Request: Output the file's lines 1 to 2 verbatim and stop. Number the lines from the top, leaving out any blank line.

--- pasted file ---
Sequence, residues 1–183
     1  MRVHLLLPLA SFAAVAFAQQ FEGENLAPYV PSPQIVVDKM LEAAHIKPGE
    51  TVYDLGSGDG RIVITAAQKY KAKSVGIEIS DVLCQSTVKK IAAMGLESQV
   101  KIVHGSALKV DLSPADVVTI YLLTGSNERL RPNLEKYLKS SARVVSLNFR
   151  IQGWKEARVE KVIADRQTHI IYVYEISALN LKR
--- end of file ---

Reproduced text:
Sequence, residues 1–183
     1  MRVHLLLPLA SFAAVAFAQQ FEGENLAPYV PSPQIVVDKM LEAAHIKPGE